Agriculture Victoria have more detailed information about the control of foxes. If you would like more information on Council's fox control programs, please contact the Environment Team at or (03) 5422 0333.

Note: take caution when using control methods such as poison baits. Poisons can impact native wildlife including Brush-tailed Phascogale, Antechinus and various possums and can also be harmful to domestic dogs and cats. Poisons can also kill birds of prey through secondary poisoning. Always consult an expert before using poison baits.

Chicken coops and foxes

Foxes will eat chickens given the chance. An appropriate coop should be installed to keep foxes and other predators away from your chickens.

Below are some measures you can take to keep your chickens safe:

  • Make sure your chicken coop is secure and is made from strong galvanised wire mesh.
  • A wire mesh floor will assist in the prevention of foxes digging under your coop, or alternatively, dig the sides of your coop deep into the ground.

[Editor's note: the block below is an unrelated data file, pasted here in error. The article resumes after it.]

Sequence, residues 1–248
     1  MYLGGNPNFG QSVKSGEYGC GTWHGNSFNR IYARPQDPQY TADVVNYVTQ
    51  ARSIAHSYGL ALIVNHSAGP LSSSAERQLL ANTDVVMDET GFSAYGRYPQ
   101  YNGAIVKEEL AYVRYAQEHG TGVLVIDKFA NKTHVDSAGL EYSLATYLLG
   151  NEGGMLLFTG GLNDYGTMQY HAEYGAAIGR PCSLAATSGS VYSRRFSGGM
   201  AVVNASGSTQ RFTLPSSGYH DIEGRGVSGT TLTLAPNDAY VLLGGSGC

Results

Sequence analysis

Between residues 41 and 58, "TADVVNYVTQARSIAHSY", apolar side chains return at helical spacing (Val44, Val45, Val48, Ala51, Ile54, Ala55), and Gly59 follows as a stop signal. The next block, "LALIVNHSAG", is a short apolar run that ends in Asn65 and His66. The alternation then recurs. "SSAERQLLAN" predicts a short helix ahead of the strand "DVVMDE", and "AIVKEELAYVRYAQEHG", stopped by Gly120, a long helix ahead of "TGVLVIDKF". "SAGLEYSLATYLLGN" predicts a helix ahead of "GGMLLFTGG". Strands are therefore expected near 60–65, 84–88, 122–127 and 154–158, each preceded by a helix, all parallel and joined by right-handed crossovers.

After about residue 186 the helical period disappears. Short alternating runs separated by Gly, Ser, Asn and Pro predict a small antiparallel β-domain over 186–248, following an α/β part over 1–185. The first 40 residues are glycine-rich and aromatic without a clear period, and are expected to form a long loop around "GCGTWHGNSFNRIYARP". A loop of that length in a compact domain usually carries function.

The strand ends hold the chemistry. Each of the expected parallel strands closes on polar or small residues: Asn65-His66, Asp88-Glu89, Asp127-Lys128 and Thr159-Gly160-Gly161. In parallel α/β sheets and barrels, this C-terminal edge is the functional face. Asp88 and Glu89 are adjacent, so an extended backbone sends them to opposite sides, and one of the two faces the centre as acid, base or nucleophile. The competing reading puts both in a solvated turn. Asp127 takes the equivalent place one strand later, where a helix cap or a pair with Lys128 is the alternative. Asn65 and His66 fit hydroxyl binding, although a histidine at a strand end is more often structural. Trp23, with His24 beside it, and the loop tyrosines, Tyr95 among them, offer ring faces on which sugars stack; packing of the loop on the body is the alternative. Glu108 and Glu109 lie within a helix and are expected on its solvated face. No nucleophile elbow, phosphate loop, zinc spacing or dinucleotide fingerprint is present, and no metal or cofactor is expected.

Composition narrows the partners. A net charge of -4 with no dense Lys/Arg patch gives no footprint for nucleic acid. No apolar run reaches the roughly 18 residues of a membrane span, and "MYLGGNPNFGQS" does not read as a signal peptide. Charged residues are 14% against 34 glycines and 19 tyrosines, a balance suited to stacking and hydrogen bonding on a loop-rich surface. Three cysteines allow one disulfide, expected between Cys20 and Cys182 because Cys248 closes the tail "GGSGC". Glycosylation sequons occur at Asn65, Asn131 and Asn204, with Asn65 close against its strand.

• Chicken coops should have a roof on them, including chicken runs as foxes can climb fences.
  • Sensor lights on your coop will detect movement and the bright light may scare a fox away.
  • Family dogs are a great deterrent.
  • Don't let your chickens wander without appropriate fencing.


Domestic cats can stray widely, especially at night. Research has shown that on average that one domestic cat prey on approximately 32 native animals each year (Patton, 1991). With around 3,000 domestic cats registered in the shire, there is potential for the demise of 96,000 native animals in the Macedon Ranges Shire every year

They are a particularly dangerous predator to birds, small mammals, birds and reptiles.

There is currently no effective way to control feral cats on a large scale.

Domestic cats should be kept indoors at night and always have a triple bell attached to their collar. It is illegal for cats to be allowed to roam outside of your own property.

Contact Council on (03) 5422 0333 if you see roaming cats, or cats chasing wildlife.

Feral Cats 

Feral cats have been declared as a pest animal in Victoria by the Labor Government.

Feral cats live, hunt and reproduce in the wild. They are the same species as domestic cats but differ in how and where they live. Feral cats generally eat small mammals, birds, reptiles and insects.

Agriculture Victoria have more detailed information about feral cats.

Cat trapping program  

We can lend you cat traps if you are concerned about feral or stray cats on your property.

Find out more

European rabbits and European Hare